Harold George “Harry” Bellanfanti, Jr. (born March 1, 1927), better known as Harry Belafonte, is an American singer, songwriter, actor, and social activist. One of the most successful Caribbean American pop stars in history, he was dubbed the “King of Calypso” for popularizing the Caribbean musical style with an international audience in the 1950s. His breakthrough album Calypso (1956) is the first million selling album by a single artist. Belafonte is perhaps best known for singing “The Banana Boat Song”, with its signature lyric “Day-O”. He has recorded in many genres, including blues, folk, gospel, show tunes, and American standards. He has also starred in several films, most notably in Otto Preminger’s hit musical Carmen Jones (1954), Island in the Sun (1957) and Robert Wise’s Odds Against Tomorrow (1959).
Belafonte was an early supporter of the Civil Rights Movement in the 1950s and ’60s, and one of Martin Luther King, Jr.’s confidants. Throughout his career he has been an advocate for political and humanitarian causes, such as the anti-apartheid movement and USA for Africa. Since 1987 he has been a UNICEF Goodwill Ambassador. In recent years he has been a vocal critic of the policies of both the George W. Bush and Barack Obama presidential administrations. Harry Belafonte now acts as the American Civil Liberties Union celebrity ambassador for juvenile justice issues.
Harry Belafonte, 1954
Belafonte has won three Grammy Awards, including a Grammy Lifetime Achievement Award, an Emmy Award, and a Tony Award. In 1989 he received the Kennedy Center Honors. He was awarded the National Medal of Arts in 1994. In 2014, he received the Jean Hersholt Humanitarian Award at the Academy’s 6th Annual Governors Awards. In March 2014, he was awarded an honorary doctorate from Berklee College of Music in Boston.
Belafonte was born Harold George Bellanfanti, Jr. at Lying-in Hospital on March 1, 1927, in Harlem, New York, the son of Melvine (née Love), a housekeeper of Jamaican descent, and Harold George Bellanfanti, Sr., a Martiniquan who worked as a chef. His mother was born in Jamaica, the child of a Scottish white mother and a black father. His father also was born in Jamaica, the child of a black mother and Dutch Jewish father of Sephardi origins. This is all Harry says about his Jewish grandfather, whom he never met: “a white Dutch Jew who drifted over to the islands after chasing gold and diamonds, with no luck at all”. From 1932 to 1940, he lived with his grandmother in her native country of Jamaica. When he returned to New York City, he attended George Washington High School[ after which he joined the Navy and served during World War II. In the 1940s, he was working as a janitor’s assistant in NYC when a tenant gave him, as a gratuity, two tickets to see the American Negro Theater. He fell in love with the art form and also met Sidney Poitier. The financially struggling pair regularly purchased a single seat to local plays, trading places in between acts, after informing the other about the progression of the play. At the end of the 1940s, he took classes in acting at the Dramatic Workshop of The New School in New York with the influential German director Erwin Piscator alongside Marlon Brando, Tony Curtis, Walter Matthau, Bea Arthur and Sidney Poitier, while performing with the American Negro Theatre. He subsequently received a Tony Award for his participation in the Broadway revue John Murray Anderson’s Almanac.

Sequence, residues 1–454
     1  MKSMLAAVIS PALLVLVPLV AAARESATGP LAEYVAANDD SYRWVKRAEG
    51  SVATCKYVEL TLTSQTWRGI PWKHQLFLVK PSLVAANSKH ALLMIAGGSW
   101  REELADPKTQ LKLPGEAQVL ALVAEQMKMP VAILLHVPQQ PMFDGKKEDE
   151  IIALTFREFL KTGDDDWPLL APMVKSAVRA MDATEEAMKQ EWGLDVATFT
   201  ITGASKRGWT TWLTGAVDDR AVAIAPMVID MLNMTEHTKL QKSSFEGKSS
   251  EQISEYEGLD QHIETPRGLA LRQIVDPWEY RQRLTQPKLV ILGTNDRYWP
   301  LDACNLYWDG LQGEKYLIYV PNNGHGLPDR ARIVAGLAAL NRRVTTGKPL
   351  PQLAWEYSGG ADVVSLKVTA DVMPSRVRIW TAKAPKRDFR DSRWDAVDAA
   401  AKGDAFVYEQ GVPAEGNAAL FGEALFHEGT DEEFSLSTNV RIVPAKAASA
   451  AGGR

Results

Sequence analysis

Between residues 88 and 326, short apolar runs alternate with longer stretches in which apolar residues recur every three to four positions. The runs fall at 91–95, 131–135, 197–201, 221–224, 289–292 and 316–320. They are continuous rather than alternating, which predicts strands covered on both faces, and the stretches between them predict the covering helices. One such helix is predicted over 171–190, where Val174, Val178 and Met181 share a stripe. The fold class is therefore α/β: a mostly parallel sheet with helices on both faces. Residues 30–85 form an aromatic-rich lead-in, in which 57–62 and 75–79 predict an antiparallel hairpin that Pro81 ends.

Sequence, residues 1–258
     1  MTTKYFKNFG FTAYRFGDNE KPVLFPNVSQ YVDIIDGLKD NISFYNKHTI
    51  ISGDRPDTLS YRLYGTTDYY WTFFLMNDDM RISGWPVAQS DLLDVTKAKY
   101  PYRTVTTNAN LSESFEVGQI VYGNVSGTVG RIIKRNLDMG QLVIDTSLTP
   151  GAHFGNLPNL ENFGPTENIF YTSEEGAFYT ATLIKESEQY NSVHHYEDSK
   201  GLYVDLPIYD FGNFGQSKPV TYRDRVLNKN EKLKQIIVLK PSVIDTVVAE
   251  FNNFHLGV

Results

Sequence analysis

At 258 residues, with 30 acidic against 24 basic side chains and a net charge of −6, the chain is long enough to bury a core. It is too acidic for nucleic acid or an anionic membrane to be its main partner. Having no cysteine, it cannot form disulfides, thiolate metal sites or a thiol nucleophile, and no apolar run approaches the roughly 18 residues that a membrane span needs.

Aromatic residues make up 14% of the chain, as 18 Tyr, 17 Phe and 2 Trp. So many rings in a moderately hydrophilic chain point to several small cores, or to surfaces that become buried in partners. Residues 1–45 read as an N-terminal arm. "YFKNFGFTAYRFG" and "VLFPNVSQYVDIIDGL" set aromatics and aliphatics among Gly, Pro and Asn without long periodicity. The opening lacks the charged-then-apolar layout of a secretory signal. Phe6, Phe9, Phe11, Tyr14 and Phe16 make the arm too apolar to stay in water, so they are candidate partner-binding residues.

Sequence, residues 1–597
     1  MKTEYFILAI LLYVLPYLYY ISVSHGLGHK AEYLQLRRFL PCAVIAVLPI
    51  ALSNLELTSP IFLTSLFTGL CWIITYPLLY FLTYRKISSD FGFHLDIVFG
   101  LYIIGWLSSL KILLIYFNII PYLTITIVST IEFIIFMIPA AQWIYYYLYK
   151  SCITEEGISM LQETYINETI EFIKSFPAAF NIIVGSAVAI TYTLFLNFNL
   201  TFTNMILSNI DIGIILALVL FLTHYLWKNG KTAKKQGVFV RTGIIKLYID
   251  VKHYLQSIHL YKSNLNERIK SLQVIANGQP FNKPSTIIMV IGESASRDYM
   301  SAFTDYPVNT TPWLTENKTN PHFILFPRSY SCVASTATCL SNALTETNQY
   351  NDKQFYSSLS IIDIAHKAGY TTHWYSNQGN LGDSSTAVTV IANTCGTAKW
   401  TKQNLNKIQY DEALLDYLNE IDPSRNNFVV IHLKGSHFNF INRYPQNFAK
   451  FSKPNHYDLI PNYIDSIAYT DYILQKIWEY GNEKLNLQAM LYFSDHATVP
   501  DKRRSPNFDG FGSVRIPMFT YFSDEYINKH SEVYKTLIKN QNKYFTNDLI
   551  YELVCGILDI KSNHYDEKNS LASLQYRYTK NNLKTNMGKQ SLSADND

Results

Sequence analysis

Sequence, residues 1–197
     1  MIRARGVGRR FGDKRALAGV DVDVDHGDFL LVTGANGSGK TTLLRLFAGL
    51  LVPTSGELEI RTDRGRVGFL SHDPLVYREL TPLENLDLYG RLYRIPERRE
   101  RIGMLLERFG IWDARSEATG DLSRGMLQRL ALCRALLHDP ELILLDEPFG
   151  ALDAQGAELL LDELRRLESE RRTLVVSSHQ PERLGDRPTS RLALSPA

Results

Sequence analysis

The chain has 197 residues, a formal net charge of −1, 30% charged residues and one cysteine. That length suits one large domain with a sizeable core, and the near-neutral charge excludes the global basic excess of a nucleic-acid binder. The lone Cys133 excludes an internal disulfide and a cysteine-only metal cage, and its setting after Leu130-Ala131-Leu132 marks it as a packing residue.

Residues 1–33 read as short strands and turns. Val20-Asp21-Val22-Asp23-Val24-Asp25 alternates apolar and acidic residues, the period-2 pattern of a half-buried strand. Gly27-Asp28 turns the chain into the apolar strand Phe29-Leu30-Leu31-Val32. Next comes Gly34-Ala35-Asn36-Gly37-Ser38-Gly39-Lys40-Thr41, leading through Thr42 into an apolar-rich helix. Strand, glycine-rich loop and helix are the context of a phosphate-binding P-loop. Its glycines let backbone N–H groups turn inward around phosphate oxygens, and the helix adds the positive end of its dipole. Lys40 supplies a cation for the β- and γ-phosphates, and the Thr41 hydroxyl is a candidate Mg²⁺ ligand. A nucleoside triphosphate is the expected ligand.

Harry Belafonte, 1960
Belafonte started his career in music as a club singer in New York to pay for his acting classes. The first time he appeared in front of an audience, he was backed by the Charlie Parker band, which included Charlie Parker himself, Max Roach and Miles Davis, among others. At first he was a pop singer, launching his recording career on the Roost label in 1949, but later he developed a keen interest in folk music, learning material through the Library of Congress’ American folk songs archives. With guitarist and friend Millard Thomas, Belafonte soon made his debut at the legendary jazz club The Village Vanguard. In 1952 he received a contract with RCA Victor. (by wikipedia)
Harry Belafonte’s first album features a solid variety of songs from American folk tradition, learned during his studies of folk music at the Library of Congress in the early 1950s. He had signed with RCA Victor in 1952, recording a series of well-received singles. Belafonte’s new-found love for music of the West Indies can be found in songs such as “Man Piaba” (which he wrote) along with songs from English and Scottish tradition such as “Lord Randall” and “The Drummer & the Cook.” Songs from African-American tradition include the chain gang song “Tol’ My Captain” and the ubiquitous “John Henry.” Mark Twain was a good initial effort, but Belafonte’s repertoire and delivery would get stronger with the next album. (by Cary Ginell)
Dorothy Dandridge & Harry Belafonte in Carmen Jones (1954).
Harry Belafonte (vocals)
Millard Thomas (guitar)
Orchestra and chorus supervised by Hugo Winterhalter
01. Mark Twain (Traditional/Belafonte) 3.42
02. Man Piaba (Belafonte/Rollins) 3.30
03. John Henry (Traditional) 3.27
04. Tol’ My Captain (Campbell) 2.45
06. Kalenda Rock (Mourning Song) (Traditional) 3.22
08. The Drummer And The Cook (Traditional/Campbell) 2.04
09. The Fox (Traditional/Campbell) 2.43
10. Soldier, Soldier (Traditional/Campbell) 1.37
11, The Next Big River (Traditional/Campbell) 0.20
12. Delia (Brooks/Judson) 2.58
“Mo Mary” (Richard Dyer-Bennett) – 2:15
“Lord Randall” (Traditional, Campbell) – 4:07
Paul Campbell was a fictitious entity used to copyright material in the public domain.